Monsoon affects Pakistan’s cement exports to India

Monsoon affects Pakistan’s cement exports to India
Published: 12 August 2008

Pakistani cement dispatches to India have declined by about 50 per cent owing to monsoon, which has affected demand from Indian buyers. According to the All Pakistan Cement Manufacturers’ Association (APCMA), the average daily cement export to India has come down from 4000t in June to 2000-2500t now.

“Cement dispatches to India through the sea route have been significantly affected by the rains. Moreover, there has been a slackening of demand due to rains,” said Shahzad Ahmed, secretary, APCMA.

Pakistan has exported about 1Mt of cement to India since September 2007.

However, this is an insignificant quantity, in view of the Indian market size of about 170Mt. It has, therefore, failed to impact prices except in certain pockets. The price realisation for Pakistani companies on cement export to India is US$52/t, whereas the delivered cost to Indian buyers at Mumbai port/Wagah is US$72-73/t. This translates into INR153 every 50kg bag, which is significantly cheaper than INR235-250/50kg bag of Indian cement.

“The companies are incurring loss with exports to India since the cost of production is about US$68/t. However, there is a surplus after meeting domestic demand and it needs to be exported. Companies may look at a price hike if Indian manufacturers raise prices,” he said.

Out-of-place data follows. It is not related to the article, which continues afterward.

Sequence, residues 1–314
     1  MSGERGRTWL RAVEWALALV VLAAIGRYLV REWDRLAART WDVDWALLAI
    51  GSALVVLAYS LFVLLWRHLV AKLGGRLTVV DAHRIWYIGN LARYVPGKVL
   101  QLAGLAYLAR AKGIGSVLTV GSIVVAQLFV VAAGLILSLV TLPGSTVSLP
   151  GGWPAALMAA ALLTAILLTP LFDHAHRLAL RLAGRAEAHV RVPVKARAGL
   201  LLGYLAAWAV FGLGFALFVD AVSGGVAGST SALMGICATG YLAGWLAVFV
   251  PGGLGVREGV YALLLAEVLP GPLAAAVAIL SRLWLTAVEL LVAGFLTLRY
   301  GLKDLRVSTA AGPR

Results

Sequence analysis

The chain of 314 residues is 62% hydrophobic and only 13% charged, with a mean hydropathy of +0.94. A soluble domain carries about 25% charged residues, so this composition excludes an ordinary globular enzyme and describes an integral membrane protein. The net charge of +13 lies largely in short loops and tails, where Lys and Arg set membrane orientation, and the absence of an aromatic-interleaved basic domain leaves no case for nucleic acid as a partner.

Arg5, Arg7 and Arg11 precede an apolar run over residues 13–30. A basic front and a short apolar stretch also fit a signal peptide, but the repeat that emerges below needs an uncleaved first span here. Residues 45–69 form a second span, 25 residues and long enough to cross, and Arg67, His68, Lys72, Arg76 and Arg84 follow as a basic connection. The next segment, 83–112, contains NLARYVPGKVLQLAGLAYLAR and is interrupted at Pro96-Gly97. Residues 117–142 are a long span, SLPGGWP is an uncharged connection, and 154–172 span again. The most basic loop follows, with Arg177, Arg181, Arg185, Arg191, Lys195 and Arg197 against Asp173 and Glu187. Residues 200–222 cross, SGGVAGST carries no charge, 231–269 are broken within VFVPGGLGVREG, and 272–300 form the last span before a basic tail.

Ahmed said the Pakistani cement industry is going through a tough time owing to sharp jumps in input costs of coal, electricity and packaging bags. “The industry has suffered a loss of nearly US$70m in the July-March period owing to high input cost and low price realisation,” he said.

In April 2007, the Indian government had scrapped the 16 per cent countervailing duty on cement imports to facilitate imports and augment availability.

It also withdrew the four per cent special additional customs duty. In January 2007, it announced zero duty on cement imports. All these measures have rendered cement imports duty free. The Bureau of Indian Standards (BIS) has granted quality licences to 15 cement firms in Pakistan after the Indian government relaxed cement import norms in 2007.

Manufacturers based outside India need to conform to BIS-certified quality standards before supplying cement.